Here are my Halloween reading recommendations this year: VINTAGE SCARES!
I love used bookstores and adore old books. So when I come across a book like this, once out of print and now resurrected, I get really excited.
This list was published on KSL.com for my monthly column, Book Matters. To see the article, CLICK HERE.
It’s a common tale: an older book goes out of print because shelf space and reader attention are given to the most recent best sellers. Stories are lost, forgotten, only to be found buried in the dusty shelves of used-bookstores. But some stories are too good not to resurrect.
Michael McDowell (1950-1999) held English and creative writing degrees from Harvard and Brandeis University. He is most well known for his screenplays for Tim Burton’s “Beetlejuice” and “The Nightmare Before Christmas.” He also wrote the script for “Clue,” the movie adaptation of the popular board game. But McDowell was also a talented horror novelist, producing over 30 works before his death.
Steven King called McDowell, “the finest writer of paperback originals in America today.”
“The Elementals,” his fourth novel, and one of his most popular, was published in 1981 and went out of print shortly after the author’s death in 1999. Thanks to Valancourt Press, a small publisher that specializes in reviving classic supernatural novels, “The Elementals” is back in print, along with four other of McDowell’s books. The reprint edition has a great new cover and an introduction by award-winning horror author Michael Rowe.
This Southern gothic horror novel starts with the funeral of Marion Savage, during which her adult son must follow family tradition and thrust a knife into her chest. Fleeing Mobile, seeking solace, the family heads to a remote Alabama beach known as Beldame.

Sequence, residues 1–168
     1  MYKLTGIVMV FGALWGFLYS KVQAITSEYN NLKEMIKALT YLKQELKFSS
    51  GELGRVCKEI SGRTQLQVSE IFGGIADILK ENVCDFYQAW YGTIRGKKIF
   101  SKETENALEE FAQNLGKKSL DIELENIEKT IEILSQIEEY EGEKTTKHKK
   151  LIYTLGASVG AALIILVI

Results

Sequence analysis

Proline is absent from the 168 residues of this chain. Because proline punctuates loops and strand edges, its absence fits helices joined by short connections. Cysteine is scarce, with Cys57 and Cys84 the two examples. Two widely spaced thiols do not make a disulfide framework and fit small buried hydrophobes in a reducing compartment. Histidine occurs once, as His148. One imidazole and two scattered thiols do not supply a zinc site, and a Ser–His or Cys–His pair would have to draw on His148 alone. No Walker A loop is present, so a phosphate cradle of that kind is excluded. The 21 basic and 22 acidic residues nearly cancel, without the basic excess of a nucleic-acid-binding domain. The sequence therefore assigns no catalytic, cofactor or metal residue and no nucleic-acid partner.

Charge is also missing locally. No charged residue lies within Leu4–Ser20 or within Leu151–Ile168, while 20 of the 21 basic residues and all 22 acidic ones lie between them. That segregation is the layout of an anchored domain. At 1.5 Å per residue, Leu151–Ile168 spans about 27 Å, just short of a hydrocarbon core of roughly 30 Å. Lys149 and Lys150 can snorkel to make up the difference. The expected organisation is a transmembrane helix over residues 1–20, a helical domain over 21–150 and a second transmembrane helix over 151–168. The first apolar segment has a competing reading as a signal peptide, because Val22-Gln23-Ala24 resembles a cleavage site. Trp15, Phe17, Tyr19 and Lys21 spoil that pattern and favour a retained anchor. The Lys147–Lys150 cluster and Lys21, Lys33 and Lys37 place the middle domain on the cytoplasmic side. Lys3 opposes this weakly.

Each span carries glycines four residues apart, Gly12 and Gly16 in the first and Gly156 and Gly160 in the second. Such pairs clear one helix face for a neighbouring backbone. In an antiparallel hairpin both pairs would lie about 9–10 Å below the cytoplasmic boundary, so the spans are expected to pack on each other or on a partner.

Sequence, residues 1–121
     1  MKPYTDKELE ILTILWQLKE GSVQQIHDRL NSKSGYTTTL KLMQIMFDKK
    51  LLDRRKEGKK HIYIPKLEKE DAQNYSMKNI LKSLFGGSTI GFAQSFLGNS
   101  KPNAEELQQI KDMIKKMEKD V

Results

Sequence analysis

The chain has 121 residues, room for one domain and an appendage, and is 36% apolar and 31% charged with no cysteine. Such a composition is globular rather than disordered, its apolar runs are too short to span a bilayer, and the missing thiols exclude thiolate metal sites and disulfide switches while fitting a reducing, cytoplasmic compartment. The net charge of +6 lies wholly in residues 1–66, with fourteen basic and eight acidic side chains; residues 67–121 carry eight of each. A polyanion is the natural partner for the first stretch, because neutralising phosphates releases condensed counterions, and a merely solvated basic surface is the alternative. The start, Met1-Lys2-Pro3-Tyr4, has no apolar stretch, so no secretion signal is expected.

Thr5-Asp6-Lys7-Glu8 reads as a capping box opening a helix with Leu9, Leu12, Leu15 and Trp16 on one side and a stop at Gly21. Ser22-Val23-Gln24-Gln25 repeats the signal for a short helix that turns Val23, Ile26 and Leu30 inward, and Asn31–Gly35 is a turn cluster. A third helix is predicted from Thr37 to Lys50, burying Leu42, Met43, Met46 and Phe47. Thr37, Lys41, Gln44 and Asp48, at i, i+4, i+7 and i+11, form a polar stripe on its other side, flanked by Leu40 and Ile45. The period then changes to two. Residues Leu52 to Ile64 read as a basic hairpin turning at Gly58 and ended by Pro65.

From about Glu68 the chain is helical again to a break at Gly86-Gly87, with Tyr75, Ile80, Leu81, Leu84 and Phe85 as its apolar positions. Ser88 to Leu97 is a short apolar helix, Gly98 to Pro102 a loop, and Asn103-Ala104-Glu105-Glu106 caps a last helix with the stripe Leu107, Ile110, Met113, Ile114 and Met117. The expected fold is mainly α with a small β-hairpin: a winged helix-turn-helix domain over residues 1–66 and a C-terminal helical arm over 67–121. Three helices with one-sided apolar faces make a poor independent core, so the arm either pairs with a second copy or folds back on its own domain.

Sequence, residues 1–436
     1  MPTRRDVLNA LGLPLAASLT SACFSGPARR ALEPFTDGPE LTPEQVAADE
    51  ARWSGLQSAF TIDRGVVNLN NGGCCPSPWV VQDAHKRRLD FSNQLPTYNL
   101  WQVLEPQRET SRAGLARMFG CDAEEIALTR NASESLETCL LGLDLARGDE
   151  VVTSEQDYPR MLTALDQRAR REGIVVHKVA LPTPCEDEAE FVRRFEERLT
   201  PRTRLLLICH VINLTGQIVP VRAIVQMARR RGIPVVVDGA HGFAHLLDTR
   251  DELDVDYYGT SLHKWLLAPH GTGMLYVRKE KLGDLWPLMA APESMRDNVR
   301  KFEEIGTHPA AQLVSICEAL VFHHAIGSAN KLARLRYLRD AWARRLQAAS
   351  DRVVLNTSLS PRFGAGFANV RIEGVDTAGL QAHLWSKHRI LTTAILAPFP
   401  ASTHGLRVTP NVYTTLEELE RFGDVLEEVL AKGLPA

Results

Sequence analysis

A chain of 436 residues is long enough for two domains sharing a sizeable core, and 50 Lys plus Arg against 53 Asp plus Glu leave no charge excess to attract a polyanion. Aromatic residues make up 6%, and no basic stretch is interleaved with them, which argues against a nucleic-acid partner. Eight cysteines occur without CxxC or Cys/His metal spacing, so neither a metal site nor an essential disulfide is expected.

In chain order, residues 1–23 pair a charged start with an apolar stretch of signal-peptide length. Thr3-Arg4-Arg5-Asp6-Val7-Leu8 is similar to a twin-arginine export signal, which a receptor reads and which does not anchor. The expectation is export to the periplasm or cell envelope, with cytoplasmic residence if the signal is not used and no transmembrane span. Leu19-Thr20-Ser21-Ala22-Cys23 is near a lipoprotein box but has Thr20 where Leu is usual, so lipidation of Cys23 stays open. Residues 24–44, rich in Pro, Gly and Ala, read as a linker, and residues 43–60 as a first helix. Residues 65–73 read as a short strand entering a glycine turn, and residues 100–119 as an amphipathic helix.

At Beldame there are three ancient Victorian houses standing in the sand. The third house, abandoned as long as anyone can remember, is nearly filled with sand. No one goes in the house, no one should. For lurking inside is something no one wants to meet.
“The Elementals” is a fantastic haunted house tale, loaded with dread, eerie moments, and good characters. Plain white sand has never been this scary or malevolent. It’s the perfect book to read this October.
Content note: Frequent swearing, including the F-word, a couple brief sexual references, and, of course, scary moments and some creepy gore.
For more vintage scares, check out these classics as well:
“Ghost Stories of an Antiquary” by M.R. James (1904)
English writer and scholar, M. R. James, is best known for his ghost stories. He’s credited with pulling the genre out of the dusty gothic forms and into contemporary settings. In this collection, a painting of a house replays a gruesome scene, an inn that once belonged to an alchemist changes during the night, and more. Though a century old, these stories of the mundane twisted into the scary, are still some of the best.
“The Ghost Stories of Edith Wharton” by Edith Wharton (1904-1937)
Pulitzer Prize winning author, Edith Wharton, is best known for her social and literary writings, but she also had a love for the supernatural. These traditional New England ghost stories chronicle hauntings, spirits, and other spine-chilling adventures.
“At the Mountains of Madness” by H.P. Lovecraft (1931)
This short novel is hailed as one of author H.P. Lovecraft’s best and most twisted tales. A group from Miskatonic University sets off on a scientific exhibition through the barren lands of Antarctic. There they find nothing they expect, including a lost civilization and untold evil.
“The October Country” by Ray Bradbury (1955)
Ray Bradbury’s second collection of short stories, also once out of print, is a mystical journey through the dark and bizarre. Encounter funhouse mirrors, weird poker chips, and more in these stories from the master of imagination.